This was in the early 1980s. Before long, Trace found his way into the Cal Skate operation. He started working there as a manager. Chris describes him as patient, even-keeled, and very good with people. “He also became very proficient with mounting skates.” Since Cal Skate also sold higher-end equipment to competitive skaters, Trace was able to step up and fulfill that need.


Ernie (r) and Evelyn (l) St. Germain.


Things stayed that way for about a decade, with Chris out of state and Trace running the skating business with Ernie and Evelyn. But in 1992, the paradigm shifted: Evelyn passed away suddenly from a heart attack. She was 58 years old. 

“It was a big hit to the family,” Chris shares. “She was the cornerstone.”

It wasn’t long before Trace and Ernie started summoning Chris down from Seattle to “fill Mom’s shoes.” Chris told them, “That’s gonna be a tough thing.” She had, however, learned a lot from being by her mom’s side in those early years.

Still: “It took me some time to make the decision; I think it was around eight months.”

Chris moved home in 1994.

At the time, her dad still had a partner in the business. Chris and the partner clashed, as she wanted to spend money on growing and enhancing the operation. For starters, they really needed a website! 

Chris set a clear goal of making a million dollars. The next year, they grossed exactly that. At that time, they bought the partner out and became a pure family business. “From there,” Chris says, “we just skyrocketed.”

They made interior improvements. They shined like lightning.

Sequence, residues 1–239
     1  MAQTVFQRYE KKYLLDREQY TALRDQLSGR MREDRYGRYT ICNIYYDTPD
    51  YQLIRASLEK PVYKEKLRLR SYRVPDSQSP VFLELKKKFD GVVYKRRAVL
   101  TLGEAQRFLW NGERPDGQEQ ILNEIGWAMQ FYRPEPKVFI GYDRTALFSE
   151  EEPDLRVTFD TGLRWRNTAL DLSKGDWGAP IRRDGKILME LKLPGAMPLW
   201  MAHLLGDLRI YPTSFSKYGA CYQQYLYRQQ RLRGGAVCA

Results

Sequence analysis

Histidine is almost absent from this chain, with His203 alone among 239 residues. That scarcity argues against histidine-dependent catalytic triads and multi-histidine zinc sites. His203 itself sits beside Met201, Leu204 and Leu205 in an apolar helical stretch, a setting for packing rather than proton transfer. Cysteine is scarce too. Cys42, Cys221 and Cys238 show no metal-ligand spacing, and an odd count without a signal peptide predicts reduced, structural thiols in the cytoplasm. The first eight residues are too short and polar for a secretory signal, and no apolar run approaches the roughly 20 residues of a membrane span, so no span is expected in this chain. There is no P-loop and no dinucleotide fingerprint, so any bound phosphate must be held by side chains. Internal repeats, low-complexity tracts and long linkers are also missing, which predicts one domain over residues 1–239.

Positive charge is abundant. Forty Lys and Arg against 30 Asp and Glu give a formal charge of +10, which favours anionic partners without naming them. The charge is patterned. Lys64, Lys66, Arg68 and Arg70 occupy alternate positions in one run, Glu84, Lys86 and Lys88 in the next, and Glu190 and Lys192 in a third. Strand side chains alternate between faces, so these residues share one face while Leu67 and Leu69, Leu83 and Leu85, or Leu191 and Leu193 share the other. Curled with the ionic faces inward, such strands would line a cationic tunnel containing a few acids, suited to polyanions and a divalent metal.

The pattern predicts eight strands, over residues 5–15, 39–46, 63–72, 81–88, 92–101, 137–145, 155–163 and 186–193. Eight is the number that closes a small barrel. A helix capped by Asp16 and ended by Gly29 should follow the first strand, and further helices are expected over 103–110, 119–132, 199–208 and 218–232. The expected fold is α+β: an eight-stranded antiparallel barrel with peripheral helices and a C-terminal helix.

When Ernie retired, he told his kids he trusted their judgment when it came to Cal Skate’s future. Chris and Trace kept it going till July 31, 2011, only two months after Ernie’s passing. Chris says it’s probably a good thing that their dad wasn’t there to see Cal Skate’s end, as it would have been too hard on him. 

As for the siblings: “My brother and I were getting really tired. It’s a 24/7 job. We felt that we had done what we wanted to do. And we needed to make decisions for the rest of our lives…”

Thinking back on Cal Skate’s glory days, Chris becomes audibly emotional: “We were a huge melting pot. There was young and old and gay and straight and black and white and yellow and red. And we were just all skaters. Nobody was anything other than that.” 

Learn more about Cal Skate here.

Eric Shapiro
Eric Shapiro
Eric Shapiro is a writer & filmmaker. As a screenwriter, he’s won a Fade In Award and written numerous feature films in development by companies including WWE, Mandalay Sports Media, Game1, and Select Films. He is also the resident script doctor for Rebel Six Films (producers of A&E’s “Hoarders”). As a journalist, Eric’s won a California Journalism Award and is co-owner and editor of The Milpitas Beat, a Silicon Valley newspaper with tens of thousands of monthly readers that has won the Golden Quill Award as well as the John Swett Award for Media Excellence. As a filmmaker, Eric’s directed award-winning feature films that have premiered at the Fantasia Film Festival, Fantastic Fest, and Shriekfest, and been endorsed by PETA (People for the Ethical Treatment of Animals). Eric’s apocalyptic novella “It’s Only Temporary” appears next to Mary Shelley’s “Frankenstein” on Nightmare Magazine’s list of the 100 Best Horror Novels of All Time. He lives in Northern California with his wife, Rhoda, and their two sons.